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|Title:||Participatory Democracy in the European Union : a Civil Perspective|
|Presented at:||University of Leicester|
|Abstract:||Because representative democracy may be reaching its limits, the EU has turned to participatory democracy. The participatory turn is torn between a moderate and a radical version. The moderate version revitalises the Community Method (CM) by formalising the dialogue of European institutions with organised civil society, while the radical version celebrates its demise as a chance for national governments to coordinate their policies in partnership with civil society through the Open Method of Coordination (OMC). In order to assess the participatory turn, this thesis takes the view that civil society is a pluralist sphere of participation between state and market wherein deliberative democracy realises its full potential. Democratisation proceeds whenever civil society manages to assert influence over state and market without falling prey to their colonising tendencies. This emancipatory process has so far taken place within the context of national welfare states. The fundamental question raised by the turn to civil society is whether multilevel social Europe will be able to continue this trend. Therefrom arise three research questions which this thesis explores in detail. Firstly, does European economic law colonise civil society? Secondly, is social Europe democratic in the sense that it opens European governance to the democratic influence of civil society? And finally, is social Europe effective, that is, able to protect civil society from European economic integration? The first question is essential, for a civil society colonised by markets would be in no position to legitimise social Europe at a time where it more than ever needs its protection. The last two questions require that radical OMC be compared with moderate CM, so as to critically assess whether the former performs better than the latter.|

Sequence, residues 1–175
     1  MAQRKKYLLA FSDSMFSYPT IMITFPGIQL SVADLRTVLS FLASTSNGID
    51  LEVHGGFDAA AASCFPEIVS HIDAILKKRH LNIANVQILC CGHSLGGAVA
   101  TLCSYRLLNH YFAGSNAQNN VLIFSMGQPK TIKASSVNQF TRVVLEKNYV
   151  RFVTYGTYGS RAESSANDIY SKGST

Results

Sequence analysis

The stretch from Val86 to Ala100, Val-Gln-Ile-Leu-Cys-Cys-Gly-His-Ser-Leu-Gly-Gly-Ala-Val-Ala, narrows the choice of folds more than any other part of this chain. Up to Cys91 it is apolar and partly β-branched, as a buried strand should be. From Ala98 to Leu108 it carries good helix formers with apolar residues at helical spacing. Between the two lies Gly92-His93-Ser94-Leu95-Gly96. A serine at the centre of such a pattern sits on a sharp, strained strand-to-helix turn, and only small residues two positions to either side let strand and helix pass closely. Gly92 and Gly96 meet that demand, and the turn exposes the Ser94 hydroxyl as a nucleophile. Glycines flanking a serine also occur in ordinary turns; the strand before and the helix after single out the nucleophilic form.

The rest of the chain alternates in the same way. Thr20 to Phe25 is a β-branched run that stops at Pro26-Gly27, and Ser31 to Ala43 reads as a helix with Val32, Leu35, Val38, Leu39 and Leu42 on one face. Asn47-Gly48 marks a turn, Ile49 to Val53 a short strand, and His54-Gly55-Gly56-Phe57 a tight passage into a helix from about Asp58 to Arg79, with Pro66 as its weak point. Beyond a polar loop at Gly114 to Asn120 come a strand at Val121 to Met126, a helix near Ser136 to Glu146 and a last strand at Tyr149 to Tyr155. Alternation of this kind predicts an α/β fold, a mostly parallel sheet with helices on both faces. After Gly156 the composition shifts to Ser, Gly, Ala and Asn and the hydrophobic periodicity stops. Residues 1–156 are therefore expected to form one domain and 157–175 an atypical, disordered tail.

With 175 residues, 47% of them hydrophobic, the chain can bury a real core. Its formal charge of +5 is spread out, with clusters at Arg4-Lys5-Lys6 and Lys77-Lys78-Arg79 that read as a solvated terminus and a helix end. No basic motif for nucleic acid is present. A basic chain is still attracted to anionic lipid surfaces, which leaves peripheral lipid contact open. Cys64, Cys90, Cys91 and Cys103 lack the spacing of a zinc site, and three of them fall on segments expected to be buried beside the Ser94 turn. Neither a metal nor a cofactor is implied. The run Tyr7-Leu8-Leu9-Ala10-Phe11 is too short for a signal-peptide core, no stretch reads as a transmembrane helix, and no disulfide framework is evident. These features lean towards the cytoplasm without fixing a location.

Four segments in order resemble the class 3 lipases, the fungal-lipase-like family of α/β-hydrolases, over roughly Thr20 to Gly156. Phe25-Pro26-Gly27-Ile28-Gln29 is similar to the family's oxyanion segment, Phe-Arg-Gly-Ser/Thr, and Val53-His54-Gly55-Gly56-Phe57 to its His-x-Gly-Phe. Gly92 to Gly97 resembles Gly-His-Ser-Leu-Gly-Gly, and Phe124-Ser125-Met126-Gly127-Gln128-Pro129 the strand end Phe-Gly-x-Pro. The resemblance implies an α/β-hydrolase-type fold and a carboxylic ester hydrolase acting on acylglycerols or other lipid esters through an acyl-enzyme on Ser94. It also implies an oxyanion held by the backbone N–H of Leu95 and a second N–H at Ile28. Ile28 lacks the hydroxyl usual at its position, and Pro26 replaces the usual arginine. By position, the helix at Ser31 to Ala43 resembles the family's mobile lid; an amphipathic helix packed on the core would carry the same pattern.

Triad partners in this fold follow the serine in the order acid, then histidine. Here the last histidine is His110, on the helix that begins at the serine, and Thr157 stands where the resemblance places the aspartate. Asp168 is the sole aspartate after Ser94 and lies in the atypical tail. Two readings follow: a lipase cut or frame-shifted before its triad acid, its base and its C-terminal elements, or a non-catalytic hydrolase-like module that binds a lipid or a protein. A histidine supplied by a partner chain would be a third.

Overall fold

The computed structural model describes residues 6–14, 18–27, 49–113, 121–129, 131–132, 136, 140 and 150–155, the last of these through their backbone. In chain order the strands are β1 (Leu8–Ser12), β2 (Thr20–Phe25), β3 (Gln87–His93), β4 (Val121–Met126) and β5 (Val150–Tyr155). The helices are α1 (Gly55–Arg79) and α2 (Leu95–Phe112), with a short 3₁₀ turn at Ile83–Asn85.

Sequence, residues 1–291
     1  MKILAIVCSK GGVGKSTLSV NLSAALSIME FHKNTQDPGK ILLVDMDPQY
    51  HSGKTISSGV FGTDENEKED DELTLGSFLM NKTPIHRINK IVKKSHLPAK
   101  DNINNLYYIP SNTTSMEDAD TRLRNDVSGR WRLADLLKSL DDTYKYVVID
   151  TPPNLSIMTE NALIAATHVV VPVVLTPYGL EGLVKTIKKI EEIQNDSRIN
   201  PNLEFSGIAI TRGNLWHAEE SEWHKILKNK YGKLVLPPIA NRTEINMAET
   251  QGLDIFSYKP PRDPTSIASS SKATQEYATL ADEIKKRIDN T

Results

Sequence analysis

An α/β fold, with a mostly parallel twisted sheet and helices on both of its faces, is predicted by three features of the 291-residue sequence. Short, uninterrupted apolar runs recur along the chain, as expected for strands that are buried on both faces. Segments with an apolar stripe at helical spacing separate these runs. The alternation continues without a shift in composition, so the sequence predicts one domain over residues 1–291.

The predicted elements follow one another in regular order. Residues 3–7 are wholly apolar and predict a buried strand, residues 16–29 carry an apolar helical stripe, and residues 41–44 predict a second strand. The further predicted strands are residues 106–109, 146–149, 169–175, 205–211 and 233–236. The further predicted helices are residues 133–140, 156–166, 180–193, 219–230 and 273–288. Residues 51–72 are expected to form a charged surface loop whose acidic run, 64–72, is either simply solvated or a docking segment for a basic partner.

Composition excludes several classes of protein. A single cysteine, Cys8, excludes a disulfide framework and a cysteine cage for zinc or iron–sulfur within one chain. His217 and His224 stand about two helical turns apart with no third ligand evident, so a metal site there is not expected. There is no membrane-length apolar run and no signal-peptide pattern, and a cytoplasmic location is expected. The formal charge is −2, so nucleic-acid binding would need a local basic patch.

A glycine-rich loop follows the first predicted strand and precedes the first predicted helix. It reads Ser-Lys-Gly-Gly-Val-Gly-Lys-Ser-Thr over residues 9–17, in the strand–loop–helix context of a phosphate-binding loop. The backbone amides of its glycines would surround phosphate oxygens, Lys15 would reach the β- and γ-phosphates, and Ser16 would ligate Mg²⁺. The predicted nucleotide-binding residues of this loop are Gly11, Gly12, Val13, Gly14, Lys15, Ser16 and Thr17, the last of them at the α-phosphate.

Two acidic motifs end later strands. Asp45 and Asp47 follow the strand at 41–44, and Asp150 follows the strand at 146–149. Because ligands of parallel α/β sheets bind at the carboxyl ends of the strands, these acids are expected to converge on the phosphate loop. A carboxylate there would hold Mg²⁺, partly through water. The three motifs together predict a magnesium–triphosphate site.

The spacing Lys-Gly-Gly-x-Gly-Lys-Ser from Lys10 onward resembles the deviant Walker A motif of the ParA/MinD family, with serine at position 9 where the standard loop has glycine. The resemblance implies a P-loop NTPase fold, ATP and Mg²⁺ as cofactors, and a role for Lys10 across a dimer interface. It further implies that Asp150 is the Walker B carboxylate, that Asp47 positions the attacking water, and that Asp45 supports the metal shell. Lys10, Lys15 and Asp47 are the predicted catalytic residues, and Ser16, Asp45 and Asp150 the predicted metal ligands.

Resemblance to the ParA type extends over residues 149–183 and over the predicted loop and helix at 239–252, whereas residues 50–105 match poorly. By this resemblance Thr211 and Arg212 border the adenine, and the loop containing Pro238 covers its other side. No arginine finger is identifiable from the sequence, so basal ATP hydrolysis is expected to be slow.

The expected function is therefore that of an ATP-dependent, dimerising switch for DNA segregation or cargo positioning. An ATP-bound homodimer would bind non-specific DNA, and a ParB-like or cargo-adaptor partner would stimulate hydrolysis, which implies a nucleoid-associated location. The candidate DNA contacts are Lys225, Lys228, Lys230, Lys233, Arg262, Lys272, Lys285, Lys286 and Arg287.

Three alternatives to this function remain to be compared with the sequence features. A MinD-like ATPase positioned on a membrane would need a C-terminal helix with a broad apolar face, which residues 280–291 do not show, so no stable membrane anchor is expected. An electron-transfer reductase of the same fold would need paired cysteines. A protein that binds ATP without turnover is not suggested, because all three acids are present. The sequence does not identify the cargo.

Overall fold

|Rights:||Copyright © the author. All rights reserved.|
|Appears in Collections:||Leicester Theses|
Theses, School of Law
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